- Technology vendors use the hype around CDPs as a way to get onto RFPs and tenders, which can often lead to inertia in the marketer’s decision-making process, where they get to a shortlist of two or three technologies that all fix very different issues.
- A good marketer will look at the customer through the entire customer journey – from the awareness stage, right through to the retention stage, and beyond. If you are able to have a relationship with a customer that has left you, then that says a lot about your business and your values.
- There are always new opportunities for organizations to get ahead of the competition, and a platform to be agile with those changes is essential. Closed ecosystems do not enable agility, and this is why a CDP, by ingesting all data from all systems and providing that data back to any system that needs it, is a winner.
- By investing in a CDP a brand can demonstrate that they are undertaking a best practice approach to how they handle their customers’ data, and therefore is something that businesses should be proud to advertise when they make such an investment.
- We are going to see ‘true machine learning’ start to come into CDPs and other technologies this year. Right now whenever someone talks about machine learning, it is generally just a basic model that provides very little value.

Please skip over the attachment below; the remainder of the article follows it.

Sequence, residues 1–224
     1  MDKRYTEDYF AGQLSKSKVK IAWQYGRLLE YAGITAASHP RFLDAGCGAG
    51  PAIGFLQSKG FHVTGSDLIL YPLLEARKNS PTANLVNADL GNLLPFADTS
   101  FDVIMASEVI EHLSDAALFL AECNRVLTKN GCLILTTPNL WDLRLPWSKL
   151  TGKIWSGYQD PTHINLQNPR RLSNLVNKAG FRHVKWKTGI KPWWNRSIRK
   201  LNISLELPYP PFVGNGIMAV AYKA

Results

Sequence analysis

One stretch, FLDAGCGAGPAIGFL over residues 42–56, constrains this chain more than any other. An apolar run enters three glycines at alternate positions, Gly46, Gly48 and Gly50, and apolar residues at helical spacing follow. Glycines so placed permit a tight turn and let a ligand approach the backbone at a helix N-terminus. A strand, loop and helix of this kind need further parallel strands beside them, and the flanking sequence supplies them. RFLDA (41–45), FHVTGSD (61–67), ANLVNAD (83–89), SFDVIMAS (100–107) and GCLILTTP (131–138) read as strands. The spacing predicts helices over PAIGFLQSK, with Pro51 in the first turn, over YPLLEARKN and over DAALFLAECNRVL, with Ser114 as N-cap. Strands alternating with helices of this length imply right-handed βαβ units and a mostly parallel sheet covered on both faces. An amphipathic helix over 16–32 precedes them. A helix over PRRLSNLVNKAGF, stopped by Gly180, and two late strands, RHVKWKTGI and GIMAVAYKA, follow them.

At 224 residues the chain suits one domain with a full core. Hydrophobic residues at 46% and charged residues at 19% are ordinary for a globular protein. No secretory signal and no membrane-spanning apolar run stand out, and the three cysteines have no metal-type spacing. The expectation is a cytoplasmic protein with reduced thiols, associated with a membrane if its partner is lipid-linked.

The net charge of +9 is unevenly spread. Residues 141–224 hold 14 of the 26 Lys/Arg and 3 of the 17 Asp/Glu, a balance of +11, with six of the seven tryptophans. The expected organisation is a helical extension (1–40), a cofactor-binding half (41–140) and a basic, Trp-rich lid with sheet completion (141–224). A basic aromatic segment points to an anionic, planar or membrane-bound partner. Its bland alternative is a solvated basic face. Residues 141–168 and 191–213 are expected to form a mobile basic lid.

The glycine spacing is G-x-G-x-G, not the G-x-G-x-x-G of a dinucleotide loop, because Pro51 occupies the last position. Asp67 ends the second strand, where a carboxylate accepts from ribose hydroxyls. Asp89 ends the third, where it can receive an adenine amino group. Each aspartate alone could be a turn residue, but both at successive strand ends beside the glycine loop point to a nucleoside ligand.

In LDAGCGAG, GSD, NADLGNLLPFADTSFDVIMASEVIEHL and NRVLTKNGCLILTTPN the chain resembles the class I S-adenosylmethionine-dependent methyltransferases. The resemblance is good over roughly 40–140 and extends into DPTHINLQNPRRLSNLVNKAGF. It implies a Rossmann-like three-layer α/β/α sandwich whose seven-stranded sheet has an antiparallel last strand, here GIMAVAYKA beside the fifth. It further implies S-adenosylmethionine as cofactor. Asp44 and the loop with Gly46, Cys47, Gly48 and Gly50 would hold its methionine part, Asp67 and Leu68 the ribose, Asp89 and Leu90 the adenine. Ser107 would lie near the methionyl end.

BlueVenn is a prominent vendor in the global Customer Data Platform (CDP) technology category, with 400+ mid-market and enterprise customers across the world in retail, travel/leisure and finance sectors.
It combines its customer data unification tools with built-in customer analytics, multi-touch attribution and cross-channel marketing automation, resulting in an end-to-end marketing hub that its customers use to transform the accuracy and personalization of their marketing campaigns.
We had an opportunity to sit with their VP of Marketing, Anthony Botibol, who spoke about how BlueVenn stands out in an increasingly overcrowded market, the key to customer success and retention, and the role CDPs can play in winning back the customer’s trust.
Q) Can you give us a brief insight into your professional journey so far, along with a brief introduction on BlueVenn?
I have been working for BlueVenn for nearly seven years now. They were my first foray into the marketing technology space. Before that I was working my way up the marketing ladder earning my stripes in various tech companies. I was always obsessed with marketing automation and getting the best out of data and technology. This meant that I was one of the first marketers in the UK to get access to Google Analytics, and could be considered an early adopter of Salesforce CRM, when MS Access was still the common option for small businesses.